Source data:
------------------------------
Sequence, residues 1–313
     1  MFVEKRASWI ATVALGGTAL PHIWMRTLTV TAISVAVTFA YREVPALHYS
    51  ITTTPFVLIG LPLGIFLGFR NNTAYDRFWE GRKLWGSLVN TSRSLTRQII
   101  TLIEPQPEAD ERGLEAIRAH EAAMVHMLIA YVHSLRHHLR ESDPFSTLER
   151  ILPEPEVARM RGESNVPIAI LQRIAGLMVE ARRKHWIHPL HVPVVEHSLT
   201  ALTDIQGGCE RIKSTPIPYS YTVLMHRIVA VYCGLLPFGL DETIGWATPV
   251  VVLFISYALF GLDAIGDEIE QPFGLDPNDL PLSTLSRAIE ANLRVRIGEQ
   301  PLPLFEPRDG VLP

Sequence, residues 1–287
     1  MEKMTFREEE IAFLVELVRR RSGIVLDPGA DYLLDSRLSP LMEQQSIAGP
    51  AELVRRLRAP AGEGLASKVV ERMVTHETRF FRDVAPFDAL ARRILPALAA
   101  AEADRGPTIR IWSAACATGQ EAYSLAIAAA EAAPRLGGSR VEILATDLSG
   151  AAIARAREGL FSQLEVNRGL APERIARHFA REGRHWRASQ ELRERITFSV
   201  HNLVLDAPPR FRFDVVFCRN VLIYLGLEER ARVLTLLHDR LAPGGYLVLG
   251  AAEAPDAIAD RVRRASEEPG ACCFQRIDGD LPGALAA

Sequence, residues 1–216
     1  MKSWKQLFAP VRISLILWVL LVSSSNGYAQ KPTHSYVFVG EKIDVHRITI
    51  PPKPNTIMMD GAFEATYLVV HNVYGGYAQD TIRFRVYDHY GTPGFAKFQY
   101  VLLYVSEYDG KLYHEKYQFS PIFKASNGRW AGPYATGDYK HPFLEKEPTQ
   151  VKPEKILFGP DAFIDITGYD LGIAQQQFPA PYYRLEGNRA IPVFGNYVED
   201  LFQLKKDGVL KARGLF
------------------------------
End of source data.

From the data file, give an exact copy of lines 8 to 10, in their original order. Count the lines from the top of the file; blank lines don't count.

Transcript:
   301  PLPLFEPRDG VLP

Sequence, residues 1–287
     1  MEKMTFREEE IAFLVELVRR RSGIVLDPGA DYLLDSRLSP LMEQQSIAGP